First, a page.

Parametric Equalization

What is parametric equalization? How does it effect a surround sound experience? And what's the difference between parametric equalization and Audyssey MultEQ?

 

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4 Comments

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    Chris Kyriakakis

    Parametric EQ is a method for adjusting the frequency response.  It uses a number of individual filters that can be centered at a given frequency and then apply boost or cut at that frequency.  Typically, Parametric EQ is used in the production of content to apply the preferences of the content creator to the octave-to-octave balance of the sound. Unfortunately, it has also been used in trying to correct room acoustical problems.  It is not a method that is well-suited to fix such problems for many reasons including: (1) the types of filters used can cause audible artifacts and (2) there are not enough filter bands to address the finer peaks and dips that show up in a room.  

    MultEQ uses a different kind of filter that is not based on Parametric EQ.  These filters have hundreds or thousands of coefficients that can be individually manipulated to make very fine corrections in the frequency response, but also in the time response of the signal that is affected by reflections from surfaces in the room.  Parametric EQ methods can't address these problems at all.

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    Robert Sinden

    Can you explain a little about how MultEQ deals with the time domain?

    Is it in the measurement or the correction you apply?

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    Chris Kyriakakis

    MultEQ measurements are taken in the time domain.  That means that the test signal is captured after playing from each speaker and is analyzed to see how it evolves in time.  The first burst comes from the direct path, then from various room reflections.  This gives MultEQ a pattern of how sound from that speaker was influenced by the room and nearby surfaces.  Methods that use pink noise (or similar) do not have the ability to see the time domain and only look at the frequency response.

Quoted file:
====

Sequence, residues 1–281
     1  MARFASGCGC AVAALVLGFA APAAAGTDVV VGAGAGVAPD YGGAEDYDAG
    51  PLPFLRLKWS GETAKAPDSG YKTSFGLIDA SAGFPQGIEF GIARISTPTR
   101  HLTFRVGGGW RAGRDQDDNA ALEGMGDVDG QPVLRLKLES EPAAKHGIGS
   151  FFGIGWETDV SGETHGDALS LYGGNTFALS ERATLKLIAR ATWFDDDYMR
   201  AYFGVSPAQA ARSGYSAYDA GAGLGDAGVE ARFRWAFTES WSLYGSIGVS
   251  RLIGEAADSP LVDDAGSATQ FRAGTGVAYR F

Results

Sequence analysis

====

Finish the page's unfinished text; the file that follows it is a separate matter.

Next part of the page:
Once all the measurements have been taken, MultEQ performs an analysis of all the time domain patterns and groups them according the similarity of the problems it finds.  Then it creates a representative time domain response for each group.  These representative time domain responses are then combined to give a single time domain representation of the speaker behavior in the room.  The MultEQ filter is then created by inverting that final time domain response.  A filter is created for each measured speaker and sub and is then applied to the signal in the time domain via a process called convolution.

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    Rfeemster

    Chris, I'm experimenting just for fun with modifying a system's response with a greater degree of modification than Pro provides.  I tried an experiment utilizing first a good parametric equalizer, then doing a consumer MultEQxt calibration just to see what would happen.  The Audyssey on/off A/B comparison is very similar, although MultEQxt did improve the splice of one of the LCRs and subs.  In verification measurements, I can easily see those improvements (and the mid-range correction). I can't detect any audible artifacts, and I achieved the sonic objective.  Any reason why this can't or shouldn't be done if the situation is somewhat unusual?

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